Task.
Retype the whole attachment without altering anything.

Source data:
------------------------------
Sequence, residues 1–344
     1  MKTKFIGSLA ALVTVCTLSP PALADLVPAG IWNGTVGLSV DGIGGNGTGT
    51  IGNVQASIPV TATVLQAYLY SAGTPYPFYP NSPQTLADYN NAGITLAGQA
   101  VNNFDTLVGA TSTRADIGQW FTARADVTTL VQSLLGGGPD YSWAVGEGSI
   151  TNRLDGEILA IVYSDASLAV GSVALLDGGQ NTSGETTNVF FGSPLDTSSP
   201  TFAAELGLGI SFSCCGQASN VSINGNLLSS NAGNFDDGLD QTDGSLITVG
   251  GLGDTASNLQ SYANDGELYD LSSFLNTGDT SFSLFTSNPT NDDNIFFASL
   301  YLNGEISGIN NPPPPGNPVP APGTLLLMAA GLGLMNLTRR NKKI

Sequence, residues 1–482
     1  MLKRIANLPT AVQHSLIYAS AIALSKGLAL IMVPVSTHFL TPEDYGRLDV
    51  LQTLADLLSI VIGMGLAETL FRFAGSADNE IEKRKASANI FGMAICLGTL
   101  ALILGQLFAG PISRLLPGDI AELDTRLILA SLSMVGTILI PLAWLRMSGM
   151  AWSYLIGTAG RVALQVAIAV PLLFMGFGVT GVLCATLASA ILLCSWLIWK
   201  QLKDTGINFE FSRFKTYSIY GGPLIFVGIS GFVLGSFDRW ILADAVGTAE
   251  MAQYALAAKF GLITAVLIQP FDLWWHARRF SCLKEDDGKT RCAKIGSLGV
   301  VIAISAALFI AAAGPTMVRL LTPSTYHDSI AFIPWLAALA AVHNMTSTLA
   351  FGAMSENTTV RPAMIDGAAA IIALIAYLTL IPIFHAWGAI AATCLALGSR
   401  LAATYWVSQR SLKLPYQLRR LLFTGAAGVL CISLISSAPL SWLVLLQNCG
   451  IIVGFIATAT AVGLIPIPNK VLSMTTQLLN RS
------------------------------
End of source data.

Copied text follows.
Sequence, residues 1–344
     1  MKTKFIGSLA ALVTVCTLSP PALADLVPAG IWNGTVGLSV DGIGGNGTGT
    51  IGNVQASIPV TATVLQAYLY SAGTPYPFYP NSPQTLADYN NAGITLAGQA
   101  VNNFDTLVGA TSTRADIGQW FTARADVTTL VQSLLGGGPD YSWAVGEGSI
   151  TNRLDGEILA IVYSDASLAV GSVALLDGGQ NTSGETTNVF FGSPLDTSSP
   201  TFAAELGLGI SFSCCGQASN VSINGNLLSS NAGNFDDGLD QTDGSLITVG
   251  GLGDTASNLQ SYANDGELYD LSSFLNTGDT SFSLFTSNPT NDDNIFFASL
   301  YLNGEISGIN NPPPPGNPVP APGTLLLMAA GLGLMNLTRR NKKI

Sequence, residues 1–482
     1  MLKRIANLPT AVQHSLIYAS AIALSKGLAL IMVPVSTHFL TPEDYGRLDV
    51  LQTLADLLSI VIGMGLAETL FRFAGSADNE IEKRKASANI FGMAICLGTL
   101  ALILGQLFAG PISRLLPGDI AELDTRLILA SLSMVGTILI PLAWLRMSGM
   151  AWSYLIGTAG RVALQVAIAV PLLFMGFGVT GVLCATLASA ILLCSWLIWK
   201  QLKDTGINFE FSRFKTYSIY GGPLIFVGIS GFVLGSFDRW ILADAVGTAE
   251  MAQYALAAKF GLITAVLIQP FDLWWHARRF SCLKEDDGKT RCAKIGSLGV
   301  VIAISAALFI AAAGPTMVRL LTPSTYHDSI AFIPWLAALA AVHNMTSTLA
   351  FGAMSENTTV RPAMIDGAAA IIALIAYLTL IPIFHAWGAI AATCLALGSR
   401  LAATYWVSQR SLKLPYQLRR LLFTGAAGVL CISLISSAPL SWLVLLQNCG
   451  IIVGFIATAT AVGLIPIPNK VLSMTTQLLN RS